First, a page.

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Shades of gray problems of modernization and Chaucer's Canterbury Tales.

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dc.contributor.author Miller, Rebecca B.
dc.date.accessioned 2012-05-17T18:06:18Z
dc.date.available 2012-05-17T18:06:18Z
dc.date.created 2000 en_US
dc.date.issued 2012-05-17
dc.identifier.uri http://hdl.handle.net/123456789/1033
dc.description vi, 57 leaves en_US
dc.description.abstract Since Chaucer's death, a large body of modernized editions of his work has amassed, many of them fragmentary in nature and few complete, yet valuable for what they reveal about the transformations in style and meaning that inevitably occur as a text undergoes translation. Given that many modern readers no longer choose to approach Chaucer in his native tongue, an analysis of these changes is valuable. First, it exposes what is behind the modem reader's resistance to Chaucer's Middle English dialect, which can be easily understood by most readers today after a little exposure. A close study of modernized versions of Chaucer's works will also reveal important characteristics of Chaucer's multifaceted readership, particularly because of the tendency of translators to transform Chaucer after the fashion of the literary period in which they live. Finally, the catalog of translations is an index to the reception that Chaucer's writings have found since his own time, reflecting the taste of the various eras in which translation has been done. en_US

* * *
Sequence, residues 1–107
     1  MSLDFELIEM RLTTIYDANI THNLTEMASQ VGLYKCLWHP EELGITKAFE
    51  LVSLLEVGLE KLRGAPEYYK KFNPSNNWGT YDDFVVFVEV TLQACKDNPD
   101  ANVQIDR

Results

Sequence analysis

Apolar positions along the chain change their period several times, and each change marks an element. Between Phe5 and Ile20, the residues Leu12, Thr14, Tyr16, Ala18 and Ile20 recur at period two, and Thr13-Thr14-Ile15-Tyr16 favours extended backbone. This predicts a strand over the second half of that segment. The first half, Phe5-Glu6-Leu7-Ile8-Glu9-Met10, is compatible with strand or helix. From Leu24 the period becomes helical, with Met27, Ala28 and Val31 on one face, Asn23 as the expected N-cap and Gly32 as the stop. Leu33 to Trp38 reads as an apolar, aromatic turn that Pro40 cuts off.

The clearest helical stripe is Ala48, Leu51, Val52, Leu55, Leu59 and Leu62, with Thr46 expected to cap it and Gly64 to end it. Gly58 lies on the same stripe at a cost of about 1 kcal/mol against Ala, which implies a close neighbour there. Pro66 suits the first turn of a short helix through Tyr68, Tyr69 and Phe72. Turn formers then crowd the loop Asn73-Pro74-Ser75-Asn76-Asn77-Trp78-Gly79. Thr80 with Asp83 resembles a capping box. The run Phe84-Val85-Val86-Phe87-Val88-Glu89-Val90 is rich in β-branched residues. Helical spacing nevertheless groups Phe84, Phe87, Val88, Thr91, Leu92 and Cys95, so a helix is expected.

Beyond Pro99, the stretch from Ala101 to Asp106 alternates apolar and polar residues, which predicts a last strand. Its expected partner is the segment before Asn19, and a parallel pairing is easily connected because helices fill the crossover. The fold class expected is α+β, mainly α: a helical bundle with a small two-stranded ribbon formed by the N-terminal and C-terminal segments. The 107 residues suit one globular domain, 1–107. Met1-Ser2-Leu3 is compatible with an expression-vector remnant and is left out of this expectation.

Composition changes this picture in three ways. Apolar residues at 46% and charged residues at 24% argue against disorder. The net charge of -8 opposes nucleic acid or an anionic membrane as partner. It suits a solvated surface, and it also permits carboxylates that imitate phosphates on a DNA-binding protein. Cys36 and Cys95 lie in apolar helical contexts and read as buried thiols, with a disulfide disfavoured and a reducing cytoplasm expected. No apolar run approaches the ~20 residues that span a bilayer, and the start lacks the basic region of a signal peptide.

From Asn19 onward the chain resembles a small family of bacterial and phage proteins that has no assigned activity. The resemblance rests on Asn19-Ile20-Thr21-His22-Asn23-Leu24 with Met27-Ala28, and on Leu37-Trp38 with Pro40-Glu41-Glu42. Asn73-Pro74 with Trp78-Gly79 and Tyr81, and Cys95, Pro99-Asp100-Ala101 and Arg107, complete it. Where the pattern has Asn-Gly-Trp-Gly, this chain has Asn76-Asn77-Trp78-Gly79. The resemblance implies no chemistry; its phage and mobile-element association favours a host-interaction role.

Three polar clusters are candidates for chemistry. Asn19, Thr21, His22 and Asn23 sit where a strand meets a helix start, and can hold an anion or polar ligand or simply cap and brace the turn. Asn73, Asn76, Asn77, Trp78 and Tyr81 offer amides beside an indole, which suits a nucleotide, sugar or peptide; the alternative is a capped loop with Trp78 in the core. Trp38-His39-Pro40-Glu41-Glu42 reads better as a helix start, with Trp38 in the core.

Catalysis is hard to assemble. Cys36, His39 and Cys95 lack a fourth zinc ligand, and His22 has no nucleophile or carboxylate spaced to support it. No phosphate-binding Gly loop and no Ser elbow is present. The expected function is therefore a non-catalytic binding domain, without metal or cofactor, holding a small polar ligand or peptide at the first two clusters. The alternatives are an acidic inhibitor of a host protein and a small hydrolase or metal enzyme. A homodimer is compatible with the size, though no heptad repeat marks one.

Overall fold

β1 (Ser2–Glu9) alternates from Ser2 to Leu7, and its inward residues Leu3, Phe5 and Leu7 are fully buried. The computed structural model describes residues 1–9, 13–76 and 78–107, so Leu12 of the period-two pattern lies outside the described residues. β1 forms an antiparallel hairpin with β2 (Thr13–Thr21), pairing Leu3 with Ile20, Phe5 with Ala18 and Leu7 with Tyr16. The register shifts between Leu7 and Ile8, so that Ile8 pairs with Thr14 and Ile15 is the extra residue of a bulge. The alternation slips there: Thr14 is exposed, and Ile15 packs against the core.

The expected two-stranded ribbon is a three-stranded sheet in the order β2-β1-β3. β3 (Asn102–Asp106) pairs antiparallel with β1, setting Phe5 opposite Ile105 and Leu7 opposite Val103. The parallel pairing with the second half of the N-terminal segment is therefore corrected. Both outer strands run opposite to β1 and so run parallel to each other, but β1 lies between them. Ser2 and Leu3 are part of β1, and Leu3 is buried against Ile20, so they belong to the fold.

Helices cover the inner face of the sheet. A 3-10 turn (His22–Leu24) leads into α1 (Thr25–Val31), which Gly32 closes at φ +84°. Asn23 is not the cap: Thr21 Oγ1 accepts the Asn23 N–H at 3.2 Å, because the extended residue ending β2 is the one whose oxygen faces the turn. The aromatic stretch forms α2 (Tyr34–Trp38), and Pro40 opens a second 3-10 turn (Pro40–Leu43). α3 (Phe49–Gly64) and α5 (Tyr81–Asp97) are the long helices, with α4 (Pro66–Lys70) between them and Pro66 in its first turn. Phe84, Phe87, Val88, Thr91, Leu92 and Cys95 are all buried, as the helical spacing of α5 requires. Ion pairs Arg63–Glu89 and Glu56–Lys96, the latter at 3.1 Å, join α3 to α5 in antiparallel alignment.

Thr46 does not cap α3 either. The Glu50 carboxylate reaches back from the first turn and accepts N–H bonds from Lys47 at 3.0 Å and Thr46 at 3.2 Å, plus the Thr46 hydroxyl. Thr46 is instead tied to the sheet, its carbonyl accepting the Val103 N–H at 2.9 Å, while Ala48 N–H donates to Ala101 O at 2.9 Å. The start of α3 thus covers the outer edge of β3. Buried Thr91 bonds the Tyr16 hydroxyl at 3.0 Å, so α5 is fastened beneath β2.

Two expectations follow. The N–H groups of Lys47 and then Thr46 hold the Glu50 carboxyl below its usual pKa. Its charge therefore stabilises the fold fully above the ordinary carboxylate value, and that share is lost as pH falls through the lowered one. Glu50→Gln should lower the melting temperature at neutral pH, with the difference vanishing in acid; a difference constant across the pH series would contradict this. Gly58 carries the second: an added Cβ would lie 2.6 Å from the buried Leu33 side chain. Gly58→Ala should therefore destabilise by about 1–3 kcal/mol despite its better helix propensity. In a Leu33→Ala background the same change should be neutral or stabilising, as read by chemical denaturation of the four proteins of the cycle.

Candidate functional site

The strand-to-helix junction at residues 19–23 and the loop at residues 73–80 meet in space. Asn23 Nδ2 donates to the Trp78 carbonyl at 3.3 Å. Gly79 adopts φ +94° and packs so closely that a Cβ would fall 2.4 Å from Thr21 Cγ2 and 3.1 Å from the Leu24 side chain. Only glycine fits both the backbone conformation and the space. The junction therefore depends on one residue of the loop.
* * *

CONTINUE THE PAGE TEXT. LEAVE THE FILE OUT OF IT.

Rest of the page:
dc.language.iso en_US en_US
dc.subject Chaucer, Geoffrey, d.1400. Canterbury tales. en_US
dc.subject English language-Style. en_US
dc.title Shades of gray problems of modernization and Chaucer's Canterbury Tales. en_US
dc.type Thesis en_US
dc.college las en_US
dc.advisor Mel Storm en_US
dc.department english, modern languages and literatures en_US

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